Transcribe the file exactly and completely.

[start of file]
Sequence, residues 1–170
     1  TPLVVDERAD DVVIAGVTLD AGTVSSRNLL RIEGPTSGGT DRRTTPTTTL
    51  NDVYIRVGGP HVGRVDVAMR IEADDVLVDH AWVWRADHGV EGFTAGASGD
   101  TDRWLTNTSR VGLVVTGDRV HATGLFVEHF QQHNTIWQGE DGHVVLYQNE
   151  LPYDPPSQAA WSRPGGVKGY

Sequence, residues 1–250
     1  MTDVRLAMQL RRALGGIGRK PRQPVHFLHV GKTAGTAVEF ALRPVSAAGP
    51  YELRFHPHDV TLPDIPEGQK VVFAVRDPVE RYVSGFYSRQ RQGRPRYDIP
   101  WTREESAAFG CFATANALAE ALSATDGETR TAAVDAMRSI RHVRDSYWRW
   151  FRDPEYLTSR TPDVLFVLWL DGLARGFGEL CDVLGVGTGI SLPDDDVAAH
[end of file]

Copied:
Sequence, residues 1–170
     1  TPLVVDERAD DVVIAGVTLD AGTVSSRNLL RIEGPTSGGT DRRTTPTTTL
    51  NDVYIRVGGP HVGRVDVAMR IEADDVLVDH AWVWRADHGV EGFTAGASGD
   101  TDRWLTNTSR VGLVVTGDRV HATGLFVEHF QQHNTIWQGE DGHVVLYQNE
   151  LPYDPPSQAA WSRPGGVKGY

Sequence, residues 1–250
     1  MTDVRLAMQL RRALGGIGRK PRQPVHFLHV GKTAGTAVEF ALRPVSAAGP
    51  YELRFHPHDV TLPDIPEGQK VVFAVRDPVE RYVSGFYSRQ RQGRPRYDIP
   101  WTREESAAFG CFATANALAE ALSATDGETR TAAVDAMRSI RHVRDSYWRW
   151  FRDPEYLTSR TPDVLFVLWL DGLARGFGEL CDVLGVGTGI SLPDDDVAAH